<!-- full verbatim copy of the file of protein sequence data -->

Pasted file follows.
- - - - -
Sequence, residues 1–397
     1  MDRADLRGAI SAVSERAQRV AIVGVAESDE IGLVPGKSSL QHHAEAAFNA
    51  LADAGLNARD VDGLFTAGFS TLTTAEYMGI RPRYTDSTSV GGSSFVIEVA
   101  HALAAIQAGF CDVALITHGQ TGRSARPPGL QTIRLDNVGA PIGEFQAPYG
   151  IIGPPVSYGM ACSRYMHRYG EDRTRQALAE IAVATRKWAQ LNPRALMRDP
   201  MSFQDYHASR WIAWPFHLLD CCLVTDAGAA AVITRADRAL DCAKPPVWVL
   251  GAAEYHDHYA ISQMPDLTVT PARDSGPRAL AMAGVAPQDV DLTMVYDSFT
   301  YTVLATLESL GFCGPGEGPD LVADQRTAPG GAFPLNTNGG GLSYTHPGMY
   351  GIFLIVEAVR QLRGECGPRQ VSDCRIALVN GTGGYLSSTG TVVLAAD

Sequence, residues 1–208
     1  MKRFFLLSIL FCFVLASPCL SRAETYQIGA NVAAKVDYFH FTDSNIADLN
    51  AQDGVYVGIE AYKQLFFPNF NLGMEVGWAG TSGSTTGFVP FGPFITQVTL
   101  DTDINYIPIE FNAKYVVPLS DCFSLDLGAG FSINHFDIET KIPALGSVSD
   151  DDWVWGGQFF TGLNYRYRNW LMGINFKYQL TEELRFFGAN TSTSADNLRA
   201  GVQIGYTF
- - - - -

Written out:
Sequence, residues 1–397
     1  MDRADLRGAI SAVSERAQRV AIVGVAESDE IGLVPGKSSL QHHAEAAFNA
    51  LADAGLNARD VDGLFTAGFS TLTTAEYMGI RPRYTDSTSV GGSSFVIEVA
   101  HALAAIQAGF CDVALITHGQ TGRSARPPGL QTIRLDNVGA PIGEFQAPYG
   151  IIGPPVSYGM ACSRYMHRYG EDRTRQALAE IAVATRKWAQ LNPRALMRDP
   201  MSFQDYHASR WIAWPFHLLD CCLVTDAGAA AVITRADRAL DCAKPPVWVL
   251  GAAEYHDHYA ISQMPDLTVT PARDSGPRAL AMAGVAPQDV DLTMVYDSFT
   301  YTVLATLESL GFCGPGEGPD LVADQRTAPG GAFPLNTNGG GLSYTHPGMY
   351  GIFLIVEAVR QLRGECGPRQ VSDCRIALVN GTGGYLSSTG TVVLAAD

Sequence, residues 1–208
     1  MKRFFLLSIL FCFVLASPCL SRAETYQIGA NVAAKVDYFH FTDSNIADLN
    51  AQDGVYVGIE AYKQLFFPNF NLGMEVGWAG TSGSTTGFVP FGPFITQVTL
   101  DTDINYIPIE FNAKYVVPLS DCFSLDLGAG FSINHFDIET KIPALGSVSD
   151  DDWVWGGQFF TGLNYRYRNW LMGINFKYQL TEELRFFGAN TSTSADNLRA
   201  GVQIGYTF